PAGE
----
And with her son always telling her, “No,” I would accept that “no” while you demonstrating “yes.” If you say it’s time to come in the house and he says, “No”, you’re going to enter his space, put your arm around him. “You’re saying no, but it’s really time.” And move him like a mama bear. Understanding, again, that’s a transition and he needs you to come into this with confident momentum. And it’ll be easier for you, because you won’t start this power struggle where he’s saying, “No,” and you’re over here saying, “Yes.”
The same with if he’s using things that are inappropriate or he’s using them unsafely: “I have to take that right away.” Don’t wait and say, “Stop doing that, don’t do that.” Don’t try to talk him out of his behavior, he can’t stop that way.
When children are in those resistant places, in those defiant places, they can’t get their way out of them through us demanding that or asking that. They need us to actually physically get them out of that situation, whether that means putting something away, moving him.
So, I would see, again, there your job as accepting: “You feel like throwing this, you feel like staying out there, but I’m going to move you in.” And that really doesn’t even need to be said through words, it’s about the way we go over to him, the way we look in his eyes, with some understanding that he’s gone there, he’s gone to the dark side. And we see that it’s about him again and not us, and we’re going to help him to safety. And that means safety in terms of if he’s in our stuff, and we don’t want him in our stuff or we don’t want him touching this or that. It’s not just physical safety, it’s safety from doing things that are going to bother us and make us feel victimized.
We are physically going to stop him right away, setting limits early and physically following through. That means we’re not going to be repeating ourselves, because repeating ourselves is me standing over here saying, “Do this,” or “Stop doing that.” That’s not going to work. We’re going to go over and help it to happen. And yeah, that may seem like more work, but it will be easier, because we won’t be wasting our energy and our words on pushing our children into a power struggle, actually further away from us. So, being more on this.
It’s actually quite strict what I’m proposing, not strict with a mean expression or a stern voice, but in terms of, I’m going to close the gaps, get on things early, not leave a lot of wiggle room. And that’s important to do when children are in these difficult places emotionally, like in this situation; they’ve had all these transitions, and now they’ve got a new sibling. I mean, that alone can put children over the edge. That’s a huge deal even without the other separations and everything. So, this is a time of life where we might think, “Oh well, just let it go, because of all they’re dealing with.” And what actually helps children is the opposite… it helps for them to be nested in a little tighter in terms of us being on these things, coming in with confident momentum to help them through, not opening up those gaps where they struggle and get stuck doing things that upset us.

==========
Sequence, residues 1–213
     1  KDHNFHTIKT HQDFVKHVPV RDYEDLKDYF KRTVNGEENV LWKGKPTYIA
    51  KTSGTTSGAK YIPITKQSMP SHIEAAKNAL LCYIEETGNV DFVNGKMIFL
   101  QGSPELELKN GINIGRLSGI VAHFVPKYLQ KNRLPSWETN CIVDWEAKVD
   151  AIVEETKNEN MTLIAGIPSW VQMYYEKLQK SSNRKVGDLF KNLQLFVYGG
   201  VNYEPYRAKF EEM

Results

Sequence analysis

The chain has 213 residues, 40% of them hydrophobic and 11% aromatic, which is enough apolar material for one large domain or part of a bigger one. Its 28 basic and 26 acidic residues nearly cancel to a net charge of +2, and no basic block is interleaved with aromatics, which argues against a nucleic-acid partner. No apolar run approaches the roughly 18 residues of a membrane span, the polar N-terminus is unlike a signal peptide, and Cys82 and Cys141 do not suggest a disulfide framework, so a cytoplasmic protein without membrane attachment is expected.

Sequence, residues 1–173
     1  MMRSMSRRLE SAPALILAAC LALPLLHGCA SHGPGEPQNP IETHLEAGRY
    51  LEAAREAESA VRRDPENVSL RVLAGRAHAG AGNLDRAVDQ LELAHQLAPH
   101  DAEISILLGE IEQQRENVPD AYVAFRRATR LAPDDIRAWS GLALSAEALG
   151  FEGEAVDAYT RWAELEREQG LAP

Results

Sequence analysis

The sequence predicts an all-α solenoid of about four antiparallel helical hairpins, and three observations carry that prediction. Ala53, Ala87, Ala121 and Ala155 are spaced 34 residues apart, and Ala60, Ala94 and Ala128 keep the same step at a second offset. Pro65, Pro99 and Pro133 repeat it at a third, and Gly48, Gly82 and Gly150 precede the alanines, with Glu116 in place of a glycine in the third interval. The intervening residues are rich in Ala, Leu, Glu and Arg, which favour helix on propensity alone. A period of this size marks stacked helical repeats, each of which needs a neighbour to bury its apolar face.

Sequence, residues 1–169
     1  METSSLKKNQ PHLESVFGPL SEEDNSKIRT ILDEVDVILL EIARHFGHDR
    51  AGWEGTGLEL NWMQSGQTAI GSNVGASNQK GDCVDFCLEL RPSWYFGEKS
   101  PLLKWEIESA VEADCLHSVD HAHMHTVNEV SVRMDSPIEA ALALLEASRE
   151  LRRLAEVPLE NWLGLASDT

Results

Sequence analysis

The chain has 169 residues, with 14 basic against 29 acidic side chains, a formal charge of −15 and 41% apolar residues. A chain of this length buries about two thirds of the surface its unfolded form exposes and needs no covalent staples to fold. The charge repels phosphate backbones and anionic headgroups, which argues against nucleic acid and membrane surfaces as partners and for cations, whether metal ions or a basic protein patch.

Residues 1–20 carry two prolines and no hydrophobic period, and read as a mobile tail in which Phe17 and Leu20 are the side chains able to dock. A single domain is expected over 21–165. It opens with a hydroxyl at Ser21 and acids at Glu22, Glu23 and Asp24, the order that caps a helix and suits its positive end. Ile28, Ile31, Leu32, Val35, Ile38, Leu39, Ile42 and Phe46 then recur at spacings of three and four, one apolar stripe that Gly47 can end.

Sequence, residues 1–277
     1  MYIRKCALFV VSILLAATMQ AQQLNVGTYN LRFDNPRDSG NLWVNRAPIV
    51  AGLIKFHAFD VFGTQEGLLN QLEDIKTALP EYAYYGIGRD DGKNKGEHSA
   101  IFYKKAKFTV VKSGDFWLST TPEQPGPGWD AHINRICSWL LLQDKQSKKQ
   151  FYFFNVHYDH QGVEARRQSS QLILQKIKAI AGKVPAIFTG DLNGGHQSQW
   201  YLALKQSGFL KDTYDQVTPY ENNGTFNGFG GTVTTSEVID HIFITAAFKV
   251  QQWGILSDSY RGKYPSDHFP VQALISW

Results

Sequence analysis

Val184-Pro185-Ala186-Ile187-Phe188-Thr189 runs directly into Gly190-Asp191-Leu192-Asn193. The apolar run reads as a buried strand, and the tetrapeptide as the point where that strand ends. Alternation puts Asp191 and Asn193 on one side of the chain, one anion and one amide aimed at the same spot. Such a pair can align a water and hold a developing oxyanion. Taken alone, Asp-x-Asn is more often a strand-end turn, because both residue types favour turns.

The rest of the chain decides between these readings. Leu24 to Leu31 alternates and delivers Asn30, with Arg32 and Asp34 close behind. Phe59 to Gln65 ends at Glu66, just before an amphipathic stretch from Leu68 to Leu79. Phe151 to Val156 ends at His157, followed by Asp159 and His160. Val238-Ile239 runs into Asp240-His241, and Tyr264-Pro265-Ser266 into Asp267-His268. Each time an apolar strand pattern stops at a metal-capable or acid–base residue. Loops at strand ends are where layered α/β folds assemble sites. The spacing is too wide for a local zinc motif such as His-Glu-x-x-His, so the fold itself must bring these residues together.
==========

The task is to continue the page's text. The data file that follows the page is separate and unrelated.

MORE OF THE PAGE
This isn’t a time to let behavior-pushing slide, except in the ways that we have no control over: the words they say, the way that they scream or whine; those are all emotional expressions. It’s going to help us if we can allow them and accept them. It’s going to help us, because our child won’t be needing to hold them in, then keep trying to express them, they will be able to release them and move on the more we can accept.
So, again, this isn’t going to be a perfect process, but it’s okay, we just get back on track the next time and try again. We’re going to get a lot of chances with three-year-olds in a situation like this.
So, in short, what I see here is this mom is misunderstanding her role and the separation between her and her children’s feelings and behaviors. These aren’t a personal attack, they’re actually just part of healthy, immature processing. I hope some of that helps.
Also, please check out some of the other podcasts on my website JanetLansbury.com. They’re all indexed by subject and category, so you should be able to find whatever topic you might be interested in. And both of my books are available on audio, No Bad Kids, Toddler Discipline Without Shame and Elevating Child Care, A Guide To Respectful Parenting. You can find them through my website or on audible.com, and you can also get them in paperback at Amazon and in ebook at Amazon, Barnes & Noble, and Apple.com.
Thanks for listening. We can do this.
I really appreciated this feedback I received from Dr. Michael Leslie and he kindly allowed me to share it:
I am a huge fan of your podcast. I have found it tremendously helpful in my relationship with my three-year-old and one-year-old sons.
Professionally, I am a psychiatrist. I see patients and run the adult inpatient PTSD program at McLean Hospital. I work with many women who are either planning to have children or have recently had babies. When I heard your most recent podcast, “Dear Parent: You are Not Failing,” I thought your advice was spot-on in my own experience. I was also struck by the fact that she sounds like she has postpartum depression. I am aware that she mentioned that she has an infant and that she’s totally overwhelmed. Postpartum depression is common and it is treatable. It can have a huge impact on parent child bonding, attachment, and on child development. While this is obviously tangential to the focus of your podcast, I would ask you, please, to reach out to this poor mom and ask her to get help for herself. She sounds truly overwhelmed and very depressed. She mentioned that her husband is in the military; hopefully the VA would be able to provide her with services. Even a brief course of psychotherapy and/or a med eval could be tremendously helpful.
I do not mean to overstep my bounds; I obviously have never met or spoken directly with this woman. I am struck, however, by how her words resonate with what I have heard from other new moms struggling with postpartum depression in the past.
Happy to speak more if you have any questions or if there’s anyway I can be helpful!
Michael Leslie, MD